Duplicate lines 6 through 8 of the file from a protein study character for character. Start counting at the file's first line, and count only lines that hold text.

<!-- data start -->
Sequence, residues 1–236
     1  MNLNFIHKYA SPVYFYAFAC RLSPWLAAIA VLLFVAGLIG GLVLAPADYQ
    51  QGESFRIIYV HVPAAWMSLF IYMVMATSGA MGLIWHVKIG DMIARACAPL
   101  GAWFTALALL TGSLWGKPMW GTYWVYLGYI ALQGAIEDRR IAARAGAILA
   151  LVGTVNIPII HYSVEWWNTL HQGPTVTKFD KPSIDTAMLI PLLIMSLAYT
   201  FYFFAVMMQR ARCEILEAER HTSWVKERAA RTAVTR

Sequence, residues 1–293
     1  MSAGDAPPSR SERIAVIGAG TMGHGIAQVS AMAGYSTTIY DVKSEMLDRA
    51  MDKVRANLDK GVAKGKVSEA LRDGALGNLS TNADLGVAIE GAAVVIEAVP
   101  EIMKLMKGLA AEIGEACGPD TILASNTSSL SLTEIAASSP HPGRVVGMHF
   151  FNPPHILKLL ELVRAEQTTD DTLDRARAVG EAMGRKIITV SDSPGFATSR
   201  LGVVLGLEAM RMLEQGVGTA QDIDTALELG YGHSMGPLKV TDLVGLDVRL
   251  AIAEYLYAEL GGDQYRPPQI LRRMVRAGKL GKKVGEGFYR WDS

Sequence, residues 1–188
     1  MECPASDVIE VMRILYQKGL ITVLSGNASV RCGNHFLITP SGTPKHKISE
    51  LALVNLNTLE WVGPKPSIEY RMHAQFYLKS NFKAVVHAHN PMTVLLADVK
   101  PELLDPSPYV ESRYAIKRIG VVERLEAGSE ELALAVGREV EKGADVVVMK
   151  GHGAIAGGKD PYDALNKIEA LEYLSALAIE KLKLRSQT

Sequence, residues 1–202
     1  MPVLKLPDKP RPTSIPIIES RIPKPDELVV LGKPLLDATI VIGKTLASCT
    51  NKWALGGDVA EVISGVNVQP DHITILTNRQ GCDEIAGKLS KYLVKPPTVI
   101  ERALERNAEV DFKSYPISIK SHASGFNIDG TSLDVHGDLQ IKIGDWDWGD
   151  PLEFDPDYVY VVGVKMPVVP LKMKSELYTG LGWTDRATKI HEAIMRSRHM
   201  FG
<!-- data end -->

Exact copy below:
   201  FYFFAVMMQR ARCEILEAER HTSWVKERAA RTAVTR

Sequence, residues 1–293
     1  MSAGDAPPSR SERIAVIGAG TMGHGIAQVS AMAGYSTTIY DVKSEMLDRA